The novel inflammatory cytokine high mobility group box protein 1 (HMGB1) is expressed by human term placenta
Article first published online: 6 JUL 2007
Volume 122, Issue 3, pages 430–437, November 2007
How to Cite
Holmlund, U., Wähämaa, H., Bachmayer, N., Bremme, K., Sverremark-Ekström, E. and Palmblad, K. (2007), The novel inflammatory cytokine high mobility group box protein 1 (HMGB1) is expressed by human term placenta. Immunology, 122: 430–437. doi: 10.1111/j.1365-2567.2007.02662.x
- Issue published online: 6 JUL 2007
- Article first published online: 6 JUL 2007
- Received 6 March 2007; revised 13 May 2007; accepted 16 May 2007.
- high mobility group box protein 1 (HMGB1);
- receptor for advanced glycation end-products (RAGE);
- Toll-like receptor 2;
- Toll-like receptor 4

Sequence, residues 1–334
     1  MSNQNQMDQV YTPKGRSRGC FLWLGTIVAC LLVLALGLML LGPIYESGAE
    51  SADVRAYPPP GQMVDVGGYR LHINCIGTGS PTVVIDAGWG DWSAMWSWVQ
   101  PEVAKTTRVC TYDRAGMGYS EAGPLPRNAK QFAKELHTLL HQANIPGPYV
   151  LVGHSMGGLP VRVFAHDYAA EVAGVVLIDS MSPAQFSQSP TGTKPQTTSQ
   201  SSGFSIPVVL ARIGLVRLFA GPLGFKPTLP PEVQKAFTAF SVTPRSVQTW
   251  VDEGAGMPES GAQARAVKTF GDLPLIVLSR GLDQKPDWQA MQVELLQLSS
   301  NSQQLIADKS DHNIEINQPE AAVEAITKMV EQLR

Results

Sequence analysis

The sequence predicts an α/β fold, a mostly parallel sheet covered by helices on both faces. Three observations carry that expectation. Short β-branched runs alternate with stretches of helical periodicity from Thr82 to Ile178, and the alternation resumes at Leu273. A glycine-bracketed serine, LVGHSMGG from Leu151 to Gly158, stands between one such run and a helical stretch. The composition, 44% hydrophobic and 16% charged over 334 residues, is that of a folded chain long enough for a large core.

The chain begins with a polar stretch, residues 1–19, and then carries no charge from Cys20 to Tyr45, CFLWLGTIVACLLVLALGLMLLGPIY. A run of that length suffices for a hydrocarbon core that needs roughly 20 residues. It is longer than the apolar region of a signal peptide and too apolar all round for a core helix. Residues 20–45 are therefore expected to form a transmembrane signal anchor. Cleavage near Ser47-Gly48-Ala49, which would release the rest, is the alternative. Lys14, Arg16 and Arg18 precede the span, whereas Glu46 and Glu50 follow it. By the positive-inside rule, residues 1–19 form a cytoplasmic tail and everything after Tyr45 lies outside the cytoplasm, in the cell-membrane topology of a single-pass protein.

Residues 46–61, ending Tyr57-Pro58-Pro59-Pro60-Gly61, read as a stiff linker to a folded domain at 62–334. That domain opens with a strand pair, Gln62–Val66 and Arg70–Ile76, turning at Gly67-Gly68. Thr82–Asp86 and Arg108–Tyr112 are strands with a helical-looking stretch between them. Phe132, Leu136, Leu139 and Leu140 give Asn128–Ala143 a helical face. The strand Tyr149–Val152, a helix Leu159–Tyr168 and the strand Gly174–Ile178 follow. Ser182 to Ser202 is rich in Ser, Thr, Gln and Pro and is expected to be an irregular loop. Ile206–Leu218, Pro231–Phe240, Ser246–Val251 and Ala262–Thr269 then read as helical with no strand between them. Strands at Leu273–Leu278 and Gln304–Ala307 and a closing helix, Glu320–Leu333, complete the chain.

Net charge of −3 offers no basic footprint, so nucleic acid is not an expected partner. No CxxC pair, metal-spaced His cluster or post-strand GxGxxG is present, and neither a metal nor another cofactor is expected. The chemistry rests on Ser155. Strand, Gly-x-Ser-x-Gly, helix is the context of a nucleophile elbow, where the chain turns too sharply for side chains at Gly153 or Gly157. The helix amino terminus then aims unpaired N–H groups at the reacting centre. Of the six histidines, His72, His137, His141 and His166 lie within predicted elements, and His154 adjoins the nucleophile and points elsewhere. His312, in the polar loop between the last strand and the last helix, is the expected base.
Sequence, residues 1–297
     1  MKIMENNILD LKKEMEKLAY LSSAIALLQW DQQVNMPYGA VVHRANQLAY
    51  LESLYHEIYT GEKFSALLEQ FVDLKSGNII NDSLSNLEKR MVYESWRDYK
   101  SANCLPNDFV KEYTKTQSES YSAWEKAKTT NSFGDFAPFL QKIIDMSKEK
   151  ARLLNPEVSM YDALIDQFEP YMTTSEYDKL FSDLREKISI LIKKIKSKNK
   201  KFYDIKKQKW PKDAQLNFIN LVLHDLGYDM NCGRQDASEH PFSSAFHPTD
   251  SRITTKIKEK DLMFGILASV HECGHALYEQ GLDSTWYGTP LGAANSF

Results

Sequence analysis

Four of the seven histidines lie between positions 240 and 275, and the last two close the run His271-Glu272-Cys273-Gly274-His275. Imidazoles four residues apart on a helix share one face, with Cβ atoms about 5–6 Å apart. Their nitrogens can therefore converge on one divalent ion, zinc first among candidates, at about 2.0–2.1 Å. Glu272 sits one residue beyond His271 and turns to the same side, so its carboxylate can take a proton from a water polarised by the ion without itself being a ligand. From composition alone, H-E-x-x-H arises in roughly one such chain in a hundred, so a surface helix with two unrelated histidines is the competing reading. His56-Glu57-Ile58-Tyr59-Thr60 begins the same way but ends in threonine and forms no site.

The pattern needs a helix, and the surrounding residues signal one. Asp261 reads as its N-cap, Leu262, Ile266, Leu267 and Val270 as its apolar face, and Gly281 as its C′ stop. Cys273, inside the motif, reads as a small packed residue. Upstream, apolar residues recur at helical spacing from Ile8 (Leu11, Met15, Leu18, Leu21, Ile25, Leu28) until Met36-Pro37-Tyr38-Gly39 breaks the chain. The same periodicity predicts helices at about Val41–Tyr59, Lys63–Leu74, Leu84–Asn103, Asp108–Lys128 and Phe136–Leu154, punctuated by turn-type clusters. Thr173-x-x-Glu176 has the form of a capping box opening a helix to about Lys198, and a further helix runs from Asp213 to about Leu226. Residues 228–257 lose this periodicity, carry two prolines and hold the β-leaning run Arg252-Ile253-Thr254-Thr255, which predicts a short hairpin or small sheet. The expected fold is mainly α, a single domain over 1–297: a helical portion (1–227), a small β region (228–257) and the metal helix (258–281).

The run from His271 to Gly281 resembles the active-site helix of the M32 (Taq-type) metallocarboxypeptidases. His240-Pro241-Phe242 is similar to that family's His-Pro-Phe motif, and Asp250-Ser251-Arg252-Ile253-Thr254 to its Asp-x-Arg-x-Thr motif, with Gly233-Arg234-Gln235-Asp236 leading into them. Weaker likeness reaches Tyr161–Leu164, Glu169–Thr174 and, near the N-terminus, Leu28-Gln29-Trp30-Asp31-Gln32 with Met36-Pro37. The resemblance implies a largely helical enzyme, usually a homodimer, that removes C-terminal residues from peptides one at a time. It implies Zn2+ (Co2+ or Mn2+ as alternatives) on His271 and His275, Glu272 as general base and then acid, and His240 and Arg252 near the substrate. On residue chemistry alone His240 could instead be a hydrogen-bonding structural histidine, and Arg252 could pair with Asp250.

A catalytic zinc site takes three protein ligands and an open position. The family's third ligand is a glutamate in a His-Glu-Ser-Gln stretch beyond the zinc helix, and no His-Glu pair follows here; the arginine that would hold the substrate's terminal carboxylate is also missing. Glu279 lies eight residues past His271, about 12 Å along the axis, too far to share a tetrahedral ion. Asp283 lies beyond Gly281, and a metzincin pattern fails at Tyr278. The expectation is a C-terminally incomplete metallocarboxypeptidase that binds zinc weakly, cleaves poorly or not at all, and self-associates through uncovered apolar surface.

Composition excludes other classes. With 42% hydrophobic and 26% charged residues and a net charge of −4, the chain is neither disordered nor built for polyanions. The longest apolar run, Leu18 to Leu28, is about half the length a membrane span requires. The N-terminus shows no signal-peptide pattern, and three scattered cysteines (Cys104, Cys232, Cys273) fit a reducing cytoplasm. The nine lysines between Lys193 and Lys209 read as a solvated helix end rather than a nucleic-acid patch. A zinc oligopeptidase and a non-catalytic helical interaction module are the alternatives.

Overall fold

High mobility group box protein 1 (HMGB1) was previously considered a strict nuclear protein, but lately data are accumulating on its extranuclear functions. In addition to its potent proinflammatory capacities, HMGB1 has a prominent role in a number of processes of specific interest for the placenta. Our overall aim was to investigate the expression of HMGB1 in human term placenta and elucidate a potential difference in HMGB1 expression comparing vaginal deliveries with elective Caesarean sections. In addition, placentas from normal pregnancies were compared with placentas from pregnancies complicated by pre-eclampsia. Twenty-five placentas, 12 from normal term pregnancies and 13 from pregnancies complicated by pre-eclampsia were analysed with immunohistochemistry for HMGB1 and its putative receptors; receptor for advanced glycation end-products (RAGE), Toll-like receptor 2 (TLR2) and TLR4. We present the novel finding that in addition to a strong nuclear HMGB1 expression in almost all cells in investigated placentas, an individual variation of cytoplasmic HMGB1 expression was detected in the syncytiotrophoblast covering the peripheral chorionic villi, by cells in the decidua and in amnion. Production of HMGB1 was confirmed by in situ hybridization. Although labour can be described as a controlled inflammatory-like process no differences in HMGB1 expression could be observed comparing active labour and elective Caesarean sections. However, a tendency towards a higher expression of cytoplasmic HMGB1 in the decidua from women with pre-eclampsia was demonstrated. The abundant expression of the receptors RAGE, TLR2 and TLR4 implicates a local capability to respond to HMGB1, although the precise role in the placenta remains to be elucidated.